Ask your potential roommate how often they cook, if they would like to share meals with you, how often they watch TV and what shows they like, what kind of music they like and how loud they listen to it, how long it takes them to get ready for work in the mornings, if they like to sleep in on the weekends, etc.Talk about how to share the refrigerator and other household appliances, how to split up daily expenses and responsibilities (like supplying dish soap and toilet paper, for example), whether you will go grocery shopping together, etc. Establish boundaries and set rules prior to moving in with your future roommate to avoid confrontations down the road.

How do you feel about sharing things?

Ask your roommate if they would like to share things – like the iron, the microwave, or the vacuum – with you. Find out what is already available in the apartment, make a detailed inventory of your possessions, compare it to your future roommate’s list of belongings and work out an agreement what each of you will bring to your shared home, so that you don’t end up with duplicate items or find yourselves without something essential for the first few days of living in your new place. If there is anything you need to get, decide who will pay for it and how you’re going to use it.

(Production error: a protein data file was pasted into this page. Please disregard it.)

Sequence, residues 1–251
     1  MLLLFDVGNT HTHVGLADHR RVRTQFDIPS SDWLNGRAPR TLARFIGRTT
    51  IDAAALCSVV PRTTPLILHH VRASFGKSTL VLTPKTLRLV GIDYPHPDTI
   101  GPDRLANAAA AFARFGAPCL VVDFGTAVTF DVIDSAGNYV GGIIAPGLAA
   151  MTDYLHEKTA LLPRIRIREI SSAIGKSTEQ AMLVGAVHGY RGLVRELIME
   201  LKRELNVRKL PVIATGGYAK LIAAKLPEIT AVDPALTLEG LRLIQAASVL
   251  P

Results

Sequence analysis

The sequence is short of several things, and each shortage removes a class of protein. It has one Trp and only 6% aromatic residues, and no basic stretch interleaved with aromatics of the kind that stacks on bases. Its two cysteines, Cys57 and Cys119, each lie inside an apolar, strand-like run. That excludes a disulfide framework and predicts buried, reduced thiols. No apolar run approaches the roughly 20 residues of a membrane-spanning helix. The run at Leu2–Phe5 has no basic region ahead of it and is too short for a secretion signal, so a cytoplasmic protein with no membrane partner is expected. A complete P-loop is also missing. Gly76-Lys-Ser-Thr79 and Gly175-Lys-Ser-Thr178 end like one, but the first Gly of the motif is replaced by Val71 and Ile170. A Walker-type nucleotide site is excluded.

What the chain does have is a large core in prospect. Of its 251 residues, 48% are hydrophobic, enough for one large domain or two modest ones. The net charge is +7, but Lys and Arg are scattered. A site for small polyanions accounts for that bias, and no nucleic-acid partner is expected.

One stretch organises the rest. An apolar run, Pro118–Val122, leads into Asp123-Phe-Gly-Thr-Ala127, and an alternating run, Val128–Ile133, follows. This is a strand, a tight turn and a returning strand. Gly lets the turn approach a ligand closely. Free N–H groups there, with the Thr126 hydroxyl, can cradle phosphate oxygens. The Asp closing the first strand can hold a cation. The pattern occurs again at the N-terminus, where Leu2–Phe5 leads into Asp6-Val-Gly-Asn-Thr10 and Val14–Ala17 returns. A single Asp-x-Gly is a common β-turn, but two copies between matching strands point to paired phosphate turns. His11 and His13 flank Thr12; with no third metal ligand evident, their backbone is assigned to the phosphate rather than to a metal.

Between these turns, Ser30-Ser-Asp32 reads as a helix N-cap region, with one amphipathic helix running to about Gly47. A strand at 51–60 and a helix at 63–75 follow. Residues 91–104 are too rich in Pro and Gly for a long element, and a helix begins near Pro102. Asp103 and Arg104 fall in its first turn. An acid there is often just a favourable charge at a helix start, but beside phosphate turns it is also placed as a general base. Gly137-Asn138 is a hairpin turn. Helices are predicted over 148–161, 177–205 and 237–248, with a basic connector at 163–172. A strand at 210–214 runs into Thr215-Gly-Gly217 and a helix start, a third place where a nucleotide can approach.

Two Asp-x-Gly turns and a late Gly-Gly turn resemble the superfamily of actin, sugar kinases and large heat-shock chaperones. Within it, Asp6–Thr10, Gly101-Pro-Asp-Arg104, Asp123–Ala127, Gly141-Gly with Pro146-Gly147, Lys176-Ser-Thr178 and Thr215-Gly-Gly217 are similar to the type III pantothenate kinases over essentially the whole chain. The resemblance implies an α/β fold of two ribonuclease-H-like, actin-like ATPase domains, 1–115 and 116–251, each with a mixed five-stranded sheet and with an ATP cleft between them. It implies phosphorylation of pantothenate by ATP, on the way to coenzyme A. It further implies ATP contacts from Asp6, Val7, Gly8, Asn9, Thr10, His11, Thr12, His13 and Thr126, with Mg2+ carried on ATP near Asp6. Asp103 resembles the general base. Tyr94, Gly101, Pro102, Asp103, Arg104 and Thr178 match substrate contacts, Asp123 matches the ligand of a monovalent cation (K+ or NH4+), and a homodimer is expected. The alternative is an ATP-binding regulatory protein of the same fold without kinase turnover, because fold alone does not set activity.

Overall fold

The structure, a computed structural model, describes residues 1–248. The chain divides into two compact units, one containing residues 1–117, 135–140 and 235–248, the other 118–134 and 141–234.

Are you still friends with your previous roommates (if applicable)?

If your potential roommate shared an apartment with someone else before, ask about their past experiences – what they liked and disliked in their previous situation, what challenges they faced, what’s their worst roommate horror story, etc. The answers you get will help you find out how your future housemate handles conflicts and troublesome situations and what their biggest pet peeves are. You will also learn what kind of person you’re dealing with and how responsible they’re.

It is a good idea to ask for references and do some research before making a commitment.

What are you looking for in a roommate?

There are people who simply want someone to share the rent and other living costs with. Then, there are some who are looking for a friend. You need to find out what your potential roommate expects from your relationship and let them know if you feel the same way.

Is there anything else I should know?

Of all the good questions to ask a roommate, this simple inquiry is the best – it will get your potential roommate talking, give them the chance to share anything they consider important with you, and reveal a lot about their personality and all its quirks.

Moving in with roommates you don’t know is a great challenge but everything will turn out fine if you keep in mind that both of you deserve to be happy and comfortable.